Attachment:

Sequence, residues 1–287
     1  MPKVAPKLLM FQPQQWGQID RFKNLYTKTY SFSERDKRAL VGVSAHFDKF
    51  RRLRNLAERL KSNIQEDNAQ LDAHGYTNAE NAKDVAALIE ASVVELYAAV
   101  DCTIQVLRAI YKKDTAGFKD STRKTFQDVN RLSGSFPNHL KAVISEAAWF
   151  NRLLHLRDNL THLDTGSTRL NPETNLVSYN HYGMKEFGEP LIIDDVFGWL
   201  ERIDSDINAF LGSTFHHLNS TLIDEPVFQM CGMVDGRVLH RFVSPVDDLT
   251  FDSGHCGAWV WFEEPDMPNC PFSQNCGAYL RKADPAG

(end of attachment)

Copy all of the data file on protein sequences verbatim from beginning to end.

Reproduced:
Sequence, residues 1–287
     1  MPKVAPKLLM FQPQQWGQID RFKNLYTKTY SFSERDKRAL VGVSAHFDKF
    51  RRLRNLAERL KSNIQEDNAQ LDAHGYTNAE NAKDVAALIE ASVVELYAAV
   101  DCTIQVLRAI YKKDTAGFKD STRKTFQDVN RLSGSFPNHL KAVISEAAWF
   151  NRLLHLRDNL THLDTGSTRL NPETNLVSYN HYGMKEFGEP LIIDDVFGWL
   201  ERIDSDINAF LGSTFHHLNS TLIDEPVFQM CGMVDGRVLH RFVSPVDDLT
   251  FDSGHCGAWV WFEEPDMPNC PFSQNCGAYL RKADPAG